The Calabrian fathers of the Gregorian calendar
In the 16th century the Gregorian Reform changed the way we keep track of dates. Behind this event we find three key characters with a shared heritage, all sons of Calabria!
The Julian calendar, the accepted method of timekeeping since 46 BC, was based on celestial phenomena. By the time of Pope Gregory astronomical knowledge had improved greatly and this calendar was noticeably incompatible with solar events; it was off by approximately 10 minutes and 48 seconds. This may not seem much, but the result was that Europe lagged ten days behind, and Church leaders had a problem of celestial proportions! Traditionally, Easter was celebrated on the Sunday after the Spring equinox, a practice standardized in 325 by the Council of Nicaea. With the date in chaos, however, something had to be done to fix the date of Easter. So Pope Gregory XIII assembled a team of mathematicians, scholars, and astronomers and tasked them with finding a solution.
Among the many proposals, the commission of experts chose one developed by the Calabrian physician and mathematician Aloysius Lilius, a native of Cirò. It was probably Cardinal Guglielmo Sirleto (1514-1585) from Guardavalle, chairman of the calendar committee, to bring the work of Aloysius Lilius to the Pope’s attention. Lilius was not one of the prominent thinkers of the day, but he, like Sirleto, hailed from Calabria. This shared heritage may have inspired Sirleto to take a closer look at Lilius’s work. Speaking of this, the commission also included Vincenzo Lauro from Tropea – an astronomer, doctor, theologian and bishop.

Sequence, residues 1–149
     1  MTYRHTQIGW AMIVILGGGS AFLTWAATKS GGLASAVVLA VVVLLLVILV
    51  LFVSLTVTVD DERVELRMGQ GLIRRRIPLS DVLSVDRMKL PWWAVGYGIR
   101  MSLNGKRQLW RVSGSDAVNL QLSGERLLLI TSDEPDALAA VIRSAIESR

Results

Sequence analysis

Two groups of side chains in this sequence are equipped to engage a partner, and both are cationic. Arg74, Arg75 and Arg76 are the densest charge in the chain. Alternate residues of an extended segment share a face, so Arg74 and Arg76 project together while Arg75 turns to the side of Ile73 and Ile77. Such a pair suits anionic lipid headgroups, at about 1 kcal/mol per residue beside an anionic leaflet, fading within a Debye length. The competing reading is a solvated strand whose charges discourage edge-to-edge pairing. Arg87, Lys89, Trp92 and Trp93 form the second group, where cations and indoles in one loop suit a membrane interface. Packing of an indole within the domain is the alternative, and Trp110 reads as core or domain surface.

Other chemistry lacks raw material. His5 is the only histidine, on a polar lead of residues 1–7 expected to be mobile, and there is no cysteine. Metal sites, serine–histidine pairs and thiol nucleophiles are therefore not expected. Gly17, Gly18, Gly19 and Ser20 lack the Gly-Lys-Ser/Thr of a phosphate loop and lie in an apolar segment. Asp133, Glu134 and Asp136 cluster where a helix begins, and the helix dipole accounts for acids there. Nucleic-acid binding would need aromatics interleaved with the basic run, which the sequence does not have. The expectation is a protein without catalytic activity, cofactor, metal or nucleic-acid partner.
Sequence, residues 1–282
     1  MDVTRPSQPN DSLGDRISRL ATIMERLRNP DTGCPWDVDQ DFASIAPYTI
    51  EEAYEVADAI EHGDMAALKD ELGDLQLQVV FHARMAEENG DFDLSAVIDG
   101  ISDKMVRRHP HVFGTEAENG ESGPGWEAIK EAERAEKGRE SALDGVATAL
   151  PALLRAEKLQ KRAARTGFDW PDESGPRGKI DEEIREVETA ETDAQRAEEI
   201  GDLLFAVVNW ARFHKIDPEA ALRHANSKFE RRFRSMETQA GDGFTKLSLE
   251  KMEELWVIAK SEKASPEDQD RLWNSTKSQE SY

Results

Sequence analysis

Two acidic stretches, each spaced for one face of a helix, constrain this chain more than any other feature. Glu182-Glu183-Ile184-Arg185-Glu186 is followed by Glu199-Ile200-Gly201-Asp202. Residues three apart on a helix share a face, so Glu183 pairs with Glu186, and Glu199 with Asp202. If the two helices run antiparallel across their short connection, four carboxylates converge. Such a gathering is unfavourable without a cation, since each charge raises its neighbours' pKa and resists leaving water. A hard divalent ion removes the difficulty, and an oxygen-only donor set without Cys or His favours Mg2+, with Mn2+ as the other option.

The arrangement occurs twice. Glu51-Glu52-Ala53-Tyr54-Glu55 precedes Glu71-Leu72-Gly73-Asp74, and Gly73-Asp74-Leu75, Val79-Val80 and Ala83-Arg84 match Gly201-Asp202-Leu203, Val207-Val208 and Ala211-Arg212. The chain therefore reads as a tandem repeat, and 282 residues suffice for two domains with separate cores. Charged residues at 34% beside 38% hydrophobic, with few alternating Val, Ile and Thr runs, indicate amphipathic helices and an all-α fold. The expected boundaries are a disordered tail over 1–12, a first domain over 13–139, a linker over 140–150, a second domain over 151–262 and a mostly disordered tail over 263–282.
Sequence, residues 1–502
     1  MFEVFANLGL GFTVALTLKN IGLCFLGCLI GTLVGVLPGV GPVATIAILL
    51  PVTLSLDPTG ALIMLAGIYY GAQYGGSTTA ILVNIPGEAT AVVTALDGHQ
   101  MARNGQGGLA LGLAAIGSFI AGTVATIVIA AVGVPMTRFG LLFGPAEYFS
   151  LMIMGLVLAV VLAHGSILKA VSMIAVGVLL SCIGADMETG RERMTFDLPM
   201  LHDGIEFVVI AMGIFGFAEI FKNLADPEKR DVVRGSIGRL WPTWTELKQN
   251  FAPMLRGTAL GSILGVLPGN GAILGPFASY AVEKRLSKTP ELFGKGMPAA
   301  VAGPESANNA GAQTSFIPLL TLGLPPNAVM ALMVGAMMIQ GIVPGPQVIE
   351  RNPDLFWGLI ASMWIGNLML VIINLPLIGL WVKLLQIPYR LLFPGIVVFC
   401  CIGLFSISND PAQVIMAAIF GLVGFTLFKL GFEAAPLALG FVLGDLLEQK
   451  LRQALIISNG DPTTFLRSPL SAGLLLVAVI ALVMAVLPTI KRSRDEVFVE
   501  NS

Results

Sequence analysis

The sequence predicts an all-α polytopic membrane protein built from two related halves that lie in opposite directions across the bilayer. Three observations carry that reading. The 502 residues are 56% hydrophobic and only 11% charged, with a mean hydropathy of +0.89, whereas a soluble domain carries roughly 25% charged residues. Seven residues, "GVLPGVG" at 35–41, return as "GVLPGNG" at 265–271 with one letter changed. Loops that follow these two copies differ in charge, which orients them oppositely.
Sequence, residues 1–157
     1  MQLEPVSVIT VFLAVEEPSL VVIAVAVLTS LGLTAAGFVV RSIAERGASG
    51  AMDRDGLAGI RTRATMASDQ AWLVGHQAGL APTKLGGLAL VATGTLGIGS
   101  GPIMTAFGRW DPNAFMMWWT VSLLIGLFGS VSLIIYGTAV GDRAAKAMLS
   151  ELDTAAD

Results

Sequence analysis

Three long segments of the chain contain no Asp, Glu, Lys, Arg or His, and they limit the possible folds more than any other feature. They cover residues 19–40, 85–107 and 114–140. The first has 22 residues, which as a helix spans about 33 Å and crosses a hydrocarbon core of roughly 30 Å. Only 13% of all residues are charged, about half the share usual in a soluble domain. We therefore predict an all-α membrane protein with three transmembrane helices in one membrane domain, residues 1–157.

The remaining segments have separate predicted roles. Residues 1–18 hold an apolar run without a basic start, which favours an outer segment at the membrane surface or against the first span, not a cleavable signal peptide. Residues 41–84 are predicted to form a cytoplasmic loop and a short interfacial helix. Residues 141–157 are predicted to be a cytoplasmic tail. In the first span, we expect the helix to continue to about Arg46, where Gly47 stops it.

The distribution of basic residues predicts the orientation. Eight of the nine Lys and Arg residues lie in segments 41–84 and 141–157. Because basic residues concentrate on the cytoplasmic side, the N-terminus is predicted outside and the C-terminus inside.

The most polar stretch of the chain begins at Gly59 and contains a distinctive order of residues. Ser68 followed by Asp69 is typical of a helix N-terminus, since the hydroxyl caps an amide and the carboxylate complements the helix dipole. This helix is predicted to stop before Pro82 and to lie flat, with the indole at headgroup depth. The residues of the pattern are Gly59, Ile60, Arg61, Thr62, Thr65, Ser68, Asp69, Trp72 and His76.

The ingenious project by Aloysius Lilius made it possible to preserve the vernal equinox on a fixed and definite date – March 21, and made it possible to accurately determine the date of Easter. On February 24, 1582, Pope Gregory XIII promulgated the Papal bull Inter gravissimas, launching the new calendar with ten days completely eliminated. Firstly adopted by the catholic countries, confusingly and at different times (with a span of three centuries) it became the global standard.
In 2012, the Calabria region established a “Calendar Day” in memory of Aloysius Lilius (Luigi Lilio), which fell annually on March 21st. in order to celebrate the national and international dignity, image and weight of the historical personality of the Calabrian astronomer and mathematician, and together with him, all of Calabria.
Author: Francesca Politi -JUMP Team
Moyer, G. (1982). The Gregorian Calendar. Scientific American, 246(5), 144–153. http://www.jstor.org/stable/24966597
Pietro Gagliardi’s Rediscovered Gregorian Calendar Fresco: A Snapshot of Scientific History